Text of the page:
OSLO (Reuters) - The 2007 Nobel Peace Prize could go to a climate campaigner such as ex-U.S. Vice-President Al Gore or Inuit activist Sheila Watt-Cloutier, reinforcing a view that global warming is a threat to world security, experts say.
The winner of the $1.5 million prize, perhaps the world’s top accolade, will be announced in Oslo on October 12 from a field of 181 candidates. The prize can be split up to three ways.
“There are reasonably good chances that the peace prize will be awarded to someone working to stop the dramatic climate problems the world is facing,” said Boerge Brende, a former Norwegian environment minister.
He noted that the U.N. Security Council, the top forum for debating war and peace, held a first debate in April about how far climate changes such as droughts, heatwaves or rising seas will be a spur to conflicts.
“We have many good candidates for the prize and we are approaching a decision,” said Geir Lundestad, director of the Norwegian Nobel Institute where the five-member committee meets.
Kenya’s Wangari Maathai won the 2004 peace prize for her campaign to plant 30 million trees across Africa, the first Nobel for an environmental campaigner. Lundestad declined to say whether fighting climate change could justify a peace prize.
Brende and another Norwegian parliamentarian nominated Gore for his Oscar-winning movie about climate change “An Inconvenient Truth” and Watt-Cloutier, who has highlighted the plight of indigenous cultures facing a quickening Arctic thaw.
Arctic sea ice has shrunk to record lows this year. The head of the Nobel committee, Ole Danbolt Mjoes, has praised Gore’s movie and lives in the Norwegian Arctic city of Tromsoe.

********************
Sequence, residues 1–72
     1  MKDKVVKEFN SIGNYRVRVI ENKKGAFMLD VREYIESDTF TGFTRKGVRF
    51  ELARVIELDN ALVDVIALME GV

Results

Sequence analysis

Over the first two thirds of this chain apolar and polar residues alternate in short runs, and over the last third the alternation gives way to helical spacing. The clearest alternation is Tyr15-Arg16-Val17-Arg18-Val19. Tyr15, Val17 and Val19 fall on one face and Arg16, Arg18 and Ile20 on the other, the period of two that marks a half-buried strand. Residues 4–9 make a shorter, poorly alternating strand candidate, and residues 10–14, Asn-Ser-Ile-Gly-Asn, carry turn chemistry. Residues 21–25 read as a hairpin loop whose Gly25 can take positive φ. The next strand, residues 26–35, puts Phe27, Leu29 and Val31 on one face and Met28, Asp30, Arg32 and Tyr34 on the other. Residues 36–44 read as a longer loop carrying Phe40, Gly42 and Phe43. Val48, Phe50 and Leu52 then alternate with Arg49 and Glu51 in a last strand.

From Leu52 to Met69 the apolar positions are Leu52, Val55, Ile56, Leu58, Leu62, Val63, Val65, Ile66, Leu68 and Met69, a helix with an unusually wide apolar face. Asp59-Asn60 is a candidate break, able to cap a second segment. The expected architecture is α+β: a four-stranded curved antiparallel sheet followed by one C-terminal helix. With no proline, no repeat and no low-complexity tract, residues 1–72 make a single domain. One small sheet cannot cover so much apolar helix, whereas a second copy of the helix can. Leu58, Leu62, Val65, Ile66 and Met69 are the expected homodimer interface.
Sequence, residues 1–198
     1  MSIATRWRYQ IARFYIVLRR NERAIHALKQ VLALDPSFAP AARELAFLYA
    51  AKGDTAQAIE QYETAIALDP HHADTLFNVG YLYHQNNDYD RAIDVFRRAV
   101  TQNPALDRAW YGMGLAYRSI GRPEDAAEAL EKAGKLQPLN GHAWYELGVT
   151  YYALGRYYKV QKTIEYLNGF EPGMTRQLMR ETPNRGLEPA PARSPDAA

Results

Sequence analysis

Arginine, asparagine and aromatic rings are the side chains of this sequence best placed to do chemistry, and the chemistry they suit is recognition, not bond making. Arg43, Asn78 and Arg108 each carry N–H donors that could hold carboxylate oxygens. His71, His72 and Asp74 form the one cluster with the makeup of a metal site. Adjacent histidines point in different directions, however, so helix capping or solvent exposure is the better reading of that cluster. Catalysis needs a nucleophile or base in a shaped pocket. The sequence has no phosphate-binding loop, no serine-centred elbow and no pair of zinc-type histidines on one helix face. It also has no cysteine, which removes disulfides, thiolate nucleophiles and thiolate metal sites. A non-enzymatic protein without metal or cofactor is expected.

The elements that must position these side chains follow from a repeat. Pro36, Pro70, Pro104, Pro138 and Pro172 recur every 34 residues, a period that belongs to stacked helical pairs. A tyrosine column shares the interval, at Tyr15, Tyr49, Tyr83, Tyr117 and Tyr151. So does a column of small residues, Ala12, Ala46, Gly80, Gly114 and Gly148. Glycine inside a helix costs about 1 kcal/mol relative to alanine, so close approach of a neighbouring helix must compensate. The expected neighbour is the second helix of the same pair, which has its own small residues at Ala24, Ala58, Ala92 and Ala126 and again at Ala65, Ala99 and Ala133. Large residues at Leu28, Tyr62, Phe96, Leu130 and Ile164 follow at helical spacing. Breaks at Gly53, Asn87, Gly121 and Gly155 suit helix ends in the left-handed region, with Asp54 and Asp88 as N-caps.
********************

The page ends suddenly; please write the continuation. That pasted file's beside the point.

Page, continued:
PEOPLE TO BLAME
Others suggested candidates include the U.N. Climate Panel and its leader, Rajendra Pachauri. The panel said this year that it was more than 90 percent likely that mankind’s activities were the main cause of warming in the past 50 years.
And Yvo de Boer, the U.N.’s top climate change official, said that U.N. Secretary-General Ban Ki-moon could be a good candidate, or German Chancellor Angela Merkel for “her leadership role in Europe” in confronting climate change.
But there are objections to all of them.
“Since the 2004 Peace Prize was given to an environmentalist (Maathai) it may not be repeated this year,” said Shirin Ebadi, an Iranian human rights lawyer who won the Nobel Prize in 2003.
“Unfortunately there are several other issues in the world that need to be addressed,” she said. Non-environmental nominees range from former Finnish President Martti Ahtisaari for peace-broking work to Bolivian President Evo Morales.
Others say climate change is an overwhelming issue in 2007.
“The greatest challenge in modern history for humankind may be climate change,” said Norway’s Jostein Gaarder, who funds an annual $100,000 environmental prize from sales of his 1990s best-selling philosophy guide “Sophie’s World”.
“It would be a very good initiative to give the Nobel Prize to a climate candidate,” he said.
Among signs of growing concern, about 70 world leaders will meet on Monday at U.N. headquarters in New York for the largest meeting ever on climate change. President George W. Bush, often criticized even by his allies for doing too little, has invited major carbon emitters to talks in Washington on September 27-28.
A prize to Gore would make him the second Democrat laureate since ex-President Jimmy Carter in 2002 -- two Democrats during Bush’s presidency might be too much of a slap to Republicans.
Canada’s Watt-Cloutier, meanwhile, has stepped down from a former role as head of the main Inuit group. And one member of the Nobel Committee is from Norway’s populist right-wing Progress Party that is highly skeptical about Gore.
Still, the Nobel committee often seeks to link prizes to current affairs. The world’s environment ministers will meet in Bali, Indonesia, from December 3-14 to discuss ways to slow global warming. the Nobel Peace Prize is presented on December 10.
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